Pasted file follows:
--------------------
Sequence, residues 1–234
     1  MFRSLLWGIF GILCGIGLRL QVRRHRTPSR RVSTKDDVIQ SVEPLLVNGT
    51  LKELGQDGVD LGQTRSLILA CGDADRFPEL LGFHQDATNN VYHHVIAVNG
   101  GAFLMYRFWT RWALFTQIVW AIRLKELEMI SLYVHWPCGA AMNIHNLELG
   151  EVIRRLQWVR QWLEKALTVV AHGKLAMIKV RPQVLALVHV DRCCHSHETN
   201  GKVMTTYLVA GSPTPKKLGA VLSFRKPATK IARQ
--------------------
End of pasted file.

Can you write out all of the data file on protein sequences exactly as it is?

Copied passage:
Sequence, residues 1–234
     1  MFRSLLWGIF GILCGIGLRL QVRRHRTPSR RVSTKDDVIQ SVEPLLVNGT
    51  LKELGQDGVD LGQTRSLILA CGDADRFPEL LGFHQDATNN VYHHVIAVNG
   101  GAFLMYRFWT RWALFTQIVW AIRLKELEMI SLYVHWPCGA AMNIHNLELG
   151  EVIRRLQWVR QWLEKALTVV AHGKLAMIKV RPQVLALVHV DRCCHSHETN
   201  GKVMTTYLVA GSPTPKKLGA VLSFRKPATK IARQ